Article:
The accreditation framework seeks to assign value to professional behaviour among developers in order to promote a baseline level of professional behaviour.
Observations in relation to Recommendation 1
Queensland introduced a new project trust regime that is contained within the Building Industry Fairness (Security of Payment) Act 2017 (BIF Act). This included the establishment of the Project Trust Account (PTA).
PTAs are required for eligible contracts in Queensland. A head contractor is required to establish one PTA in respect of each ‘eligible contract’ for ‘project trust work’. The PTA is used for the remittance of any project payments.
The PTA framework has a phased implementation, the first phase having started on 1 March 2021, and the last phase currently planned to start on 1 October 2025.
PTAs are currently required for State Government and Hospital and Health services contracts valued at $1 million or more.
From 1 January 2022, the regime was extended to the private sector and the broader government sector, to include contracts valued at $10 million or more.
The monetary threshold for the private sector and the broader government sector is set to drop to $3 million or more from 1 March 2025.
As of 1 October 2025, the threshold for the private sector and the broader government sector will be further lowered to $1 million or more. In other words, the threshold for all contracts that are eligible for a project trust under the BIF Act will be $1 million or more from 1 October 2025.
If the Queensland Government implements the proposed accreditation framework in relation to developers, this would mean that developers who are not accredited would effectively be prevented from entering any contracts that are eligible for a project trust under the BIF Act in which the contract price is $1 million or more as from 1 October 2025.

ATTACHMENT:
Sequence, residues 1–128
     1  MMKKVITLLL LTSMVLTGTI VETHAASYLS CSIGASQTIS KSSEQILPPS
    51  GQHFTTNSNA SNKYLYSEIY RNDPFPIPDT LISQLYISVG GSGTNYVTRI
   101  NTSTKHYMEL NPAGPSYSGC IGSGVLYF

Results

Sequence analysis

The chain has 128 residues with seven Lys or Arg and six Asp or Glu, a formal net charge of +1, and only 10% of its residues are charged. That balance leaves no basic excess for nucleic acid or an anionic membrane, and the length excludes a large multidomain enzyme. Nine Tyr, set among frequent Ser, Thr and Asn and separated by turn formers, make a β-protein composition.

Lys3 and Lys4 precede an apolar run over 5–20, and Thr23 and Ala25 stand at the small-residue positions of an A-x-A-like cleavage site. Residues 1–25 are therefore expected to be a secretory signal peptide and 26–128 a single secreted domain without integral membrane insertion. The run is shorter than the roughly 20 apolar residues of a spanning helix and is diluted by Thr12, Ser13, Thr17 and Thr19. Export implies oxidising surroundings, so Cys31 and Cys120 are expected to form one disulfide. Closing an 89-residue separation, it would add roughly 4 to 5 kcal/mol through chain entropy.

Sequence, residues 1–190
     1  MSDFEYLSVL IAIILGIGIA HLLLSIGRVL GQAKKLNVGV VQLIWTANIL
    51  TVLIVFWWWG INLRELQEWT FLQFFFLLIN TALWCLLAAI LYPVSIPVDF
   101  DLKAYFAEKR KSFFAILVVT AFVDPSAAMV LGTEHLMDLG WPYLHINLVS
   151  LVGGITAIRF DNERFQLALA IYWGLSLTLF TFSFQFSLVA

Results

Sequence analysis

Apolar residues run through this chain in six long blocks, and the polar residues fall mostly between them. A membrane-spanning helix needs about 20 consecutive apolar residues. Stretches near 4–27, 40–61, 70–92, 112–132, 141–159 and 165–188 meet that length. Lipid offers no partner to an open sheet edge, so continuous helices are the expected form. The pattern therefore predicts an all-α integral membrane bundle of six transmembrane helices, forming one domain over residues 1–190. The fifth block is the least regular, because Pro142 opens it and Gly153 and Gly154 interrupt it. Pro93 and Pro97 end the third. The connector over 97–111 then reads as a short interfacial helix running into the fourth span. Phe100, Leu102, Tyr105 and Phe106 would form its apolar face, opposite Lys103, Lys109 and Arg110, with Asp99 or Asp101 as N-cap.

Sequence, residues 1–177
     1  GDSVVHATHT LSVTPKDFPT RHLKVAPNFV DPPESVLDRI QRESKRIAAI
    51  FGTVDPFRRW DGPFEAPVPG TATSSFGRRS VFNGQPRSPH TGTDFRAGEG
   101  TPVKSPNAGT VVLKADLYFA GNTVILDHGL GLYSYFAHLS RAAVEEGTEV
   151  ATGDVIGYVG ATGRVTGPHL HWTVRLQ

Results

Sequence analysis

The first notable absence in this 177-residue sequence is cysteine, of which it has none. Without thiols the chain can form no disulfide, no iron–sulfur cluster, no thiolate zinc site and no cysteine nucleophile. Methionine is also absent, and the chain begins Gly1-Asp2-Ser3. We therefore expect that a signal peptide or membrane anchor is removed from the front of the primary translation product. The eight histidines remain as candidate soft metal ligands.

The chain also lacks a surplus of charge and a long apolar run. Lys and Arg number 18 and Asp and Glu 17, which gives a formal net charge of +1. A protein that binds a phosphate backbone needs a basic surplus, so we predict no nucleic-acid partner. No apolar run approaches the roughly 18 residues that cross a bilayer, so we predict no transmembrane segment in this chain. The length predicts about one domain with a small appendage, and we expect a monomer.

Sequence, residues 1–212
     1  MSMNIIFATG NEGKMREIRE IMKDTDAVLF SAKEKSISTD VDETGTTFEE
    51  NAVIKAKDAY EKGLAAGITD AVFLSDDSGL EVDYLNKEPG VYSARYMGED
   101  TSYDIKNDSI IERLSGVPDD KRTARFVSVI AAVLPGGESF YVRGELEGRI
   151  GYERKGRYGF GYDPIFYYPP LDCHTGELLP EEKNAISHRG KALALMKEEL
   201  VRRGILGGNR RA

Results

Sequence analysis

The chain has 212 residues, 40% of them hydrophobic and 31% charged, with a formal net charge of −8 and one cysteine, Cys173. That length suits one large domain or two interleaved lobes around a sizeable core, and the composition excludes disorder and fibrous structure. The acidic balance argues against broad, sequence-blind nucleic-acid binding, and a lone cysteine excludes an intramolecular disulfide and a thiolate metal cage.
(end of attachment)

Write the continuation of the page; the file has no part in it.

Recommendation 2 – improve industry education
Under this recommendation, minimum educational requirements for developers would be implemented, which include continuing professional development (CPD).
Rationale for Recommendation 2
Currently, developers are not subject to any educational requirements. It is suggested that this is associated with substandard procurement practices, unfair contracting, and the unreasonable allocation of risk across contracts.
In the Panel’s view, the educational requirements would contribute to consistency and improvement of standards across the industry.
The Panel has recommended that accredited developers are required to keep a record of CPD courses and hours undertaken. Furthermore, a failure to do so will constitute a breach of the developer’s code of conduct which would render the developer liable to disciplinary action.
Recommendation 3 – Clarify developer responsibility in relation to non-conforming building products
The QBCC Act was amended in 2017 to establish a chain of responsibility for non-conforming building products (NCBPs). It introduced duties for supply chain participants to ensure that building products are safe and fit for purpose.
Developers however are not specifically captured under the ambit of the QBCC Act. As such, there is uncertainty as to whether they are actually included in the chain of responsibility for NCBPs.
The Panel recommends an amendment to make it clear that developers are included and to promote a consistent approach across the development industry.
Rationale for Recommendation 3